Liberals who once reviled President Ronald Reagan have shifted their strategy and have been forced to recognize Reagan's many contributions to modern America. But, as NRO's Ramesh Ponuru points out today, while politicians in bothparties offer The Gipper praise, they also "ransack his record" for present-day politics:
President Barack Obama hasn’t had much luck in getting living Republicans to endorse his proposed “Buffett rule,” which would ensure that the highest earners pay a minimum federal tax rate of 30 percent.
To find a Republican supporter he has had to raid Ronald Reagan’s tomb. In a speech on April 11, Obama noted that Reagan, as president, had sought to prevent multimillionaires from paying lower tax rates than bus drivers.
Obama continued: “He thought that, in America, the wealthiest should pay their fair share, and he said so. I know that position might disqualify him from the Republican primaries these days but what Ronald Reagan was calling for then is the same thing that we’re calling for now.”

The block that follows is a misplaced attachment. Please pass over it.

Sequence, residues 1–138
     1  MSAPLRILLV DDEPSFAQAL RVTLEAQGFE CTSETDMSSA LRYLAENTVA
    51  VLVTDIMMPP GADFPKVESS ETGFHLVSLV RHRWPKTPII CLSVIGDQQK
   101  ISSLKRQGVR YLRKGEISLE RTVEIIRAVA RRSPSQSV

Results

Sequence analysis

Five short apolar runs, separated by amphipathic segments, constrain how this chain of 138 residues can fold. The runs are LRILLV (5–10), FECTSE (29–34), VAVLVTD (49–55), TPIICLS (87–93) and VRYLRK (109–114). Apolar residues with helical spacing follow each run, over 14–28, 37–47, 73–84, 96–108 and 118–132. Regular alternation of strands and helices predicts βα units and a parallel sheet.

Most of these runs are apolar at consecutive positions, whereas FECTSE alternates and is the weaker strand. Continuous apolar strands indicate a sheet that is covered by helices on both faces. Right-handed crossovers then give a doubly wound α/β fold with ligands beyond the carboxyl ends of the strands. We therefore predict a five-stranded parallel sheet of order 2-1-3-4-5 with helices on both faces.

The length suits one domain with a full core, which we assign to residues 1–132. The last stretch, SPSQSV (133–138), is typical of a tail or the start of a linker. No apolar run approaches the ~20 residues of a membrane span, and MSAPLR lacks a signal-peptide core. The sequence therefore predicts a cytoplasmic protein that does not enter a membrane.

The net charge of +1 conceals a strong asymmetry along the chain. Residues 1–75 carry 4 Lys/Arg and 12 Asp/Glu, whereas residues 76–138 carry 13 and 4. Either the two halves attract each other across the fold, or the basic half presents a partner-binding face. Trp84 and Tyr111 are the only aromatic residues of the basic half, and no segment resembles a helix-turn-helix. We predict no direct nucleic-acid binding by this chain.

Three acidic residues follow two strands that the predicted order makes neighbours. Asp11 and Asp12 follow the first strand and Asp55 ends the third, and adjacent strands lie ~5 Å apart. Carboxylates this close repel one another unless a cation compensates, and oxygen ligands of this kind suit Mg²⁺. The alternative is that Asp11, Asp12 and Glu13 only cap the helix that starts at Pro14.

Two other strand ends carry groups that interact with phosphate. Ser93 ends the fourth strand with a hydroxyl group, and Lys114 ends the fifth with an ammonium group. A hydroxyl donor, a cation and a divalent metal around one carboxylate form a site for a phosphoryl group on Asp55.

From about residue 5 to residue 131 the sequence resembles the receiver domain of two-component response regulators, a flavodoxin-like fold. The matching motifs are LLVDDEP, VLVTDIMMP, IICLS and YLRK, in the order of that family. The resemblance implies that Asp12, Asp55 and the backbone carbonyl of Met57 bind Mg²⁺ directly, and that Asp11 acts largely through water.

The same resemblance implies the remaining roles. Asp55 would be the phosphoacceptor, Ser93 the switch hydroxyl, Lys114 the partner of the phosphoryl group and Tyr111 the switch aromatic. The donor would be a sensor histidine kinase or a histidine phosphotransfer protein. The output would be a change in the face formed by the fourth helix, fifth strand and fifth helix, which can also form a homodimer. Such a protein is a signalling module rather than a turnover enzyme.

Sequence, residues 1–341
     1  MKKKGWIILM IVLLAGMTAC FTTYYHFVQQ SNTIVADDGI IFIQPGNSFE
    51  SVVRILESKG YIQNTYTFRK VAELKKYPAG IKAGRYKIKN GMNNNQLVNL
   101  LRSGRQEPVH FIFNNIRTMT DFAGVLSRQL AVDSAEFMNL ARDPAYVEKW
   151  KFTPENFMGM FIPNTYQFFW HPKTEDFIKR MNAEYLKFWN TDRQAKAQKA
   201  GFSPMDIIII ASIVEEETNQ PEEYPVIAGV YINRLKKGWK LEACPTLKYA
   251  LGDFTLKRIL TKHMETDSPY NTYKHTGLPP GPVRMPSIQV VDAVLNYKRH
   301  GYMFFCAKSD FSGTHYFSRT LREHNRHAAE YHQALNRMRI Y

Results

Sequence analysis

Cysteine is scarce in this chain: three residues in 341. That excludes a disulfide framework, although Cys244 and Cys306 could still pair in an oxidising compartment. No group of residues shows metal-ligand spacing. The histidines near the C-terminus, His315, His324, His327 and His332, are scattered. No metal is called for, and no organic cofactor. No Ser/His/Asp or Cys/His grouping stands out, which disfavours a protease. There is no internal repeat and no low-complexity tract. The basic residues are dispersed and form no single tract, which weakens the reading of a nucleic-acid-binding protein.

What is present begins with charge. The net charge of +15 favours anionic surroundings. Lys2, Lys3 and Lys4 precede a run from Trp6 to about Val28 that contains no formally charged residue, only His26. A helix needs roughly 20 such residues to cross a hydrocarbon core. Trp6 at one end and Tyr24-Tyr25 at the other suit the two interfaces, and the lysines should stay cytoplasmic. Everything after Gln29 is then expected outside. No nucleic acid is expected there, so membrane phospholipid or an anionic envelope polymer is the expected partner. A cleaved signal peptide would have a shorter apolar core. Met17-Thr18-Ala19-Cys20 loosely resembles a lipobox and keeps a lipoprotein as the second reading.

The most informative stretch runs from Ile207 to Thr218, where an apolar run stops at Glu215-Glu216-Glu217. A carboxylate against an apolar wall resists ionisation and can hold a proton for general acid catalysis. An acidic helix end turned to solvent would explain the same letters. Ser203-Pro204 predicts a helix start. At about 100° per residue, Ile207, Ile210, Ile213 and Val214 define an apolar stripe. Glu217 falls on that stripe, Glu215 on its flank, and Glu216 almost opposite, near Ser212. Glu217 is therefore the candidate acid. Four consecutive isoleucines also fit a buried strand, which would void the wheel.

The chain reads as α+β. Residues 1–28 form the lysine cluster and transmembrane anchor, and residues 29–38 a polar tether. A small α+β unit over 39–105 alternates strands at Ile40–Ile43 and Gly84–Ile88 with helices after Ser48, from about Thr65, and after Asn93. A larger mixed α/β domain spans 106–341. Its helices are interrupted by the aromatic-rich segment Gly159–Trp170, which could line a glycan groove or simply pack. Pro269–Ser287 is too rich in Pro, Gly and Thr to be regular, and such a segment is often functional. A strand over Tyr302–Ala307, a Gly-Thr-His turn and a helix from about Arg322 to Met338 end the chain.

Not so fast, said Republicans. The Buffett rule would impose a new minimum tax on affluent people who receive a large share of their income in capital gains and dividends, which are taxed below the regular rates on income. The effect would be to raise their taxes. Reagan, on the other hand, favored cutting tax rates for everyone, including the wealthiest. His initial tax-reform proposal cut the very capital-gains tax rates that the Buffett rule would effectively raise. Reagan wanted to simplify taxes, whereas the Buffett rule would add an additional layer of complexity.